How Well Have Employer-Provided Benefits Kept Up With Pay?
It has been well documented that growth in average employee pay in the United States has struggled to keep up with inflation. Data from the Bureau of Labor Statistics (BLS) indicates that from 2013-2018, average weekly earnings after inflation (real earnings) increased at only a 1.2% annualized rate. That is, while inflation has averaged 1.5% annually over the 2013-18 period, wages and salaries have increased by 2.7% per year, a 1.2% difference. To the extent that benefits are a key component of overall compensation, have benefits increased at a faster rate than earnings, thus offsetting part of the sluggish growth in wages?
To begin to analyze this question, we can look in more detail at compensation data from the BLS. In the aggregate, the share of total benefits as a component of total compensation increased from 30.9% in 2013 to 31.7% in 2018. The main benefits category showing the greatest share of total compensation increase was retirement and savings (defined benefit (DB) and defined contribution (DC) plans), which increased from 4.7% in 2013 to 5.3% in 2018. Conversely, the health insurance share decreased from 8.5% to 8.3% over the same five-year period.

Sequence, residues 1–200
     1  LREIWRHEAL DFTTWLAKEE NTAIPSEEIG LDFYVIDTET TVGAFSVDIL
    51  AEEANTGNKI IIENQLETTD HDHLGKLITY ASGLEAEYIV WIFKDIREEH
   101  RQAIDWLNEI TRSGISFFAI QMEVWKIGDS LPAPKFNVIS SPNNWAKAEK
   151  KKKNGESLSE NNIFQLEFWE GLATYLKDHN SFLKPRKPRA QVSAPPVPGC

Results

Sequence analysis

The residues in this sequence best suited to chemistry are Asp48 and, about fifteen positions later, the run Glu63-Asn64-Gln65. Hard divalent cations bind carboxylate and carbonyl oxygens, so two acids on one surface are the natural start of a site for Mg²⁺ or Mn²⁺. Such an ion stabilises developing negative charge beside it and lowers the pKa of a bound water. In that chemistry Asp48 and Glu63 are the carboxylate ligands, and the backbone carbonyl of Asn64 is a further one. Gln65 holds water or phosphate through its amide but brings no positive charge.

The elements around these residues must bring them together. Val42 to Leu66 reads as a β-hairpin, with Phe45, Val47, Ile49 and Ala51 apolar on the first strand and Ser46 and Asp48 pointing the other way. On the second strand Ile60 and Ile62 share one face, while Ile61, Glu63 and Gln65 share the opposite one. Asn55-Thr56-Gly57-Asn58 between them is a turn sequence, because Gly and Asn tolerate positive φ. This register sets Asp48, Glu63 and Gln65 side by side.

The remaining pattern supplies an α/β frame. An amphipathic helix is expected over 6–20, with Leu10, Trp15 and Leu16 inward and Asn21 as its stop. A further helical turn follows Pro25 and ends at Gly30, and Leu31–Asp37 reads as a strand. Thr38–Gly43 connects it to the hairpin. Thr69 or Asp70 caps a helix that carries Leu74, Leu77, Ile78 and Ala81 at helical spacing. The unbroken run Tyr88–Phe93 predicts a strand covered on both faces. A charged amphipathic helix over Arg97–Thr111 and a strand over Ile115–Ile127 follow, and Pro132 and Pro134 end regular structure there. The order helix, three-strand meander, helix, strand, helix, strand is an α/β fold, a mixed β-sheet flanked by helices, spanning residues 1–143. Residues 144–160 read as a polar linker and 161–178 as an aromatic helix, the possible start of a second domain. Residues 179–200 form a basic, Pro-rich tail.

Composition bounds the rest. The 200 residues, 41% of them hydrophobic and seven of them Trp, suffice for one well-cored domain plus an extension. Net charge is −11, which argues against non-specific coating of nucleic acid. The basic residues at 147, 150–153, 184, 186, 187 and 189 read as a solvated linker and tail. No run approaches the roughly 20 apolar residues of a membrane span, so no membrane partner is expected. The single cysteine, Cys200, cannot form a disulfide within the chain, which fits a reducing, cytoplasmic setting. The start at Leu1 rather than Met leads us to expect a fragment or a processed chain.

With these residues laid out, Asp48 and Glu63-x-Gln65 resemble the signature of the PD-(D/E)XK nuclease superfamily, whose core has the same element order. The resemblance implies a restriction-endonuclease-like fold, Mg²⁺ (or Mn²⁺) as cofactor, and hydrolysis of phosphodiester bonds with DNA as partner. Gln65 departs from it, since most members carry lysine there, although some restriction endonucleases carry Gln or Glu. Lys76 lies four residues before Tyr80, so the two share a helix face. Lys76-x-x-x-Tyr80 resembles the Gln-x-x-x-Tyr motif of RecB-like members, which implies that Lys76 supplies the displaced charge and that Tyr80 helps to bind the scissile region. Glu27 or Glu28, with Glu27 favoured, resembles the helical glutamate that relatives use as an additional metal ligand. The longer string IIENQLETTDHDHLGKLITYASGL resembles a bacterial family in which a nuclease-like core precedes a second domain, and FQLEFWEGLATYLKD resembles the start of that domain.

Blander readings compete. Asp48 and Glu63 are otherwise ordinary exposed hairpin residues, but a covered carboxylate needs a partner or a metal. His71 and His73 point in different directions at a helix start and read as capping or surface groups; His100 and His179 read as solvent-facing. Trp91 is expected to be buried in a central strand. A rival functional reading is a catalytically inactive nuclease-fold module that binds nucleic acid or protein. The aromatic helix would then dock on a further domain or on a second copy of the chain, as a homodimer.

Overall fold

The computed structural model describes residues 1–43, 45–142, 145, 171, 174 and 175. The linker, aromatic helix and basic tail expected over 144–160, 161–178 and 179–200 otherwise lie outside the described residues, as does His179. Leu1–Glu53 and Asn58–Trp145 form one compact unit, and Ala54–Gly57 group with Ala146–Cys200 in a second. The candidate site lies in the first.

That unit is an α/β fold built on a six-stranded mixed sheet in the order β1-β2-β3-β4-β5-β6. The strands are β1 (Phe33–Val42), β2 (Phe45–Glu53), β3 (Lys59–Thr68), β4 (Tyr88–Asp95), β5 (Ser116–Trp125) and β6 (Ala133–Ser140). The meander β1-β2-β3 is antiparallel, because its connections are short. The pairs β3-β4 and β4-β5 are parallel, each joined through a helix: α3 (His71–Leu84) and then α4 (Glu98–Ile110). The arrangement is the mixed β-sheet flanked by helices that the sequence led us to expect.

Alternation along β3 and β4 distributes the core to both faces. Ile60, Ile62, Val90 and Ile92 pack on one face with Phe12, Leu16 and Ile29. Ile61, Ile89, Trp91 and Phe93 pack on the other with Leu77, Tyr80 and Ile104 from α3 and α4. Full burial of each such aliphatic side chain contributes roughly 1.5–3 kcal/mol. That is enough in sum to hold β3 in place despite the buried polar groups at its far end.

Growth rates in wages and benefits, as expected, vary by broad occupational category. Table 1 below indicates that for Management and Professional workers, benefits have grown at a faster rate than wage and salary income, with retirement and savings benefits (DB and DC) growing by over 8% annually in the past 5 years.
Conversely, benefits items in manufacturing and construction industries have grown at similar rates (2% or below) and have grown at a slower rate than benefits for management and professional workers.
We can also look at selected urban areas surveyed by the BLS. Table 2 below shows wages, salaries and benefits growing at the fastest rate in the Atlanta and San Francisco areas, followed by New York and Los Angeles. In Detroit, benefits at least partially closed the lag in total compensation, while for Chicago, a slow growth rate in benefits lagged wage growth. It is possible that in some metropolitan areas, the growth rates in benefits are driven by higher costs of insurance.
In summary, the primary component of employee compensation, wage and salaries, have been growing, but at a sluggish pace. It appears that benefits taken as a whole have, to some extent, contributed positively to overall compensation growth over the past five years. However, it also could be argued that benefits are just becoming a bigger piece of a slowly growing pie.
NOTE: Information presented herein is for discussion and illustrative purposes only and is not a recommendation or an offer or solicitation to buy or sell any securities. Past performance is not a guarantee of future investment results.
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